Albert Almora Jr.

Do the Cubs consider the 2018 season a success? 'No'

Do the Cubs consider the 2018 season a success? 'No'

My, how things have changed at the corner of Clark and Addison.

Wrigley Field was once home of the "Lovable Losers" and now it houses a 95-win team that just made the playoffs for the fourth consecutive season for the first time in the history of the franchise and yet everybody is unhappy.

Thus is the nature of "World Series or bust" expectations.

And that's exactly what the Cubs have here now.

Don't get me wrong, it's not a bad thing the Cubs and their fans are unhappy right now after a 2-1 loss in the thrilling — and stressful — 13-inning Wild-Card Game. 

We are truly in the golden era of Cubs baseball. So much so that a reporter cited Derek Jeter and the powerhouse Yankees when comparing the culture in a clubhouse that used to be home of the team with the longest championship drought in professional sports history.

Jeter and the Yankees expected to win the World Series every single year.

Now, Kris Bryant and the Cubs have the same goals and anything less is a disappointment.

"Absolutely. We totally feel that," Bryant said. "After we won in 2016, it was a World Series or bust attitude. I mean, that's the right attitude to have. You play to be the last team standing. You don't play just to make the playoffs. 

"I think we've kinda built that culture up here that we are some of the best Chicago Cub teams that they've ever fielded and we take that and I'm pretty proud of that. We wanna go out there and win, but this year just wasn't our year."

This is the earliest young players like Bryant and Kyle Schwarber have had their seasons end since joining the big-league roster in 2015. They weren't even sure what to do with themselves in the wee hours of Wednesday morning, spending time hugging each other or just sitting at their locker staring speechless into space.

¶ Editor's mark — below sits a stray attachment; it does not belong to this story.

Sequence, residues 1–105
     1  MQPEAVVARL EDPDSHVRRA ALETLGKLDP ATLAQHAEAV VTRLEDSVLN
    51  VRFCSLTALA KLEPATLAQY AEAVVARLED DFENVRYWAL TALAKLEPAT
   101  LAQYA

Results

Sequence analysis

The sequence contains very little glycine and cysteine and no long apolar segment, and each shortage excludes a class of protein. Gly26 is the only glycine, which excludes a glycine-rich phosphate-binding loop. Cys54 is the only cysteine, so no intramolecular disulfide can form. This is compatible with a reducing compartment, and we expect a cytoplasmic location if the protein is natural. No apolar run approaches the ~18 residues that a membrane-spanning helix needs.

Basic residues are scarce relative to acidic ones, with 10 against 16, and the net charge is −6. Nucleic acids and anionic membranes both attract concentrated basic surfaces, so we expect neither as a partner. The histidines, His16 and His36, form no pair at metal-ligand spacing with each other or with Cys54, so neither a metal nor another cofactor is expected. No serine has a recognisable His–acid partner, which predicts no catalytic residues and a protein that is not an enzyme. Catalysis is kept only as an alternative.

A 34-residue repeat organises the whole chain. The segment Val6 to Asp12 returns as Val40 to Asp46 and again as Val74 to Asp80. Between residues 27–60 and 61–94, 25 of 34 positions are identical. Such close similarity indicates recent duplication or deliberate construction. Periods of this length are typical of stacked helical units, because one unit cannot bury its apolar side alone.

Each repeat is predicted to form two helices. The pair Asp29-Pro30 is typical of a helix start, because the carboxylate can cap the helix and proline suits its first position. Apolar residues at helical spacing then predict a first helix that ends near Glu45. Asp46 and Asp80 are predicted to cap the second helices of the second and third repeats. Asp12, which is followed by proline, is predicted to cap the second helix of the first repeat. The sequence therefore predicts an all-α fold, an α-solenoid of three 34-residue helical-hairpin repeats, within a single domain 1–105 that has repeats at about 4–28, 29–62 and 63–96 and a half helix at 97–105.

A handful of players still hadn't showered or changed out of their uniforms more than an hour after the final out. Javy Baez talked to the media with eye black smeared all over his face.

Most of the Cubs players were asked how they would sum up this season and if it would be considered a success or not despite 95 wins, a run in first place that lasted for the entire second half of the season and took a Game 163 to dethrone.

Albert Almora Jr. didn't even let a reporter finish the question.

"No. No. We lost," Almora said. "There's a lot of positives, but it's not a success unless we win. That's just the mindset that we have here. There were a lot of positives throughout the way. A lot of character grew in this clubhouse. That's all we can ask for, man.

"Unfortunately, this league is unbelievably hard and we're trying to get to the World Series, trying to win another World Series. It's good players out there and I think we did a great job with the hand we were dealt and we never gave up."

The hand the Cubs were dealt does include a brutal stretch to close out the regular season (only one off-day over the final 5-plus weeks) and then a tiebreaker the day before the win-or-go-home postseason game.

But nobody used that as an excuse in the Cubs clubhouse and they don't feel like they choked down the stretch to let the Brewers take the division. After all, Milwaukee had to win its final 8 games in a row just to be able to sit alone atop the NL Central.

"There's a couple goals throughout the season that you set out to do and obviously to win the division first and then move on to the World Series," Jon Lester said. "Sometimes you can't always control what goes on around you. But at the end of the day, I feel like coming down the stretch, we played good baseball. It wasn't like we beat ourselves.

"Sometimes you gotta tip your hat to the opponent. I mean, you go 13 innings tonight against a really good team and we come out on the short end of the stick. But I feel like we shoulda won that game."

Jason Heyward's voice and perspective carries a lot of weight in that clubhouse and he isn't here for consolation prizes.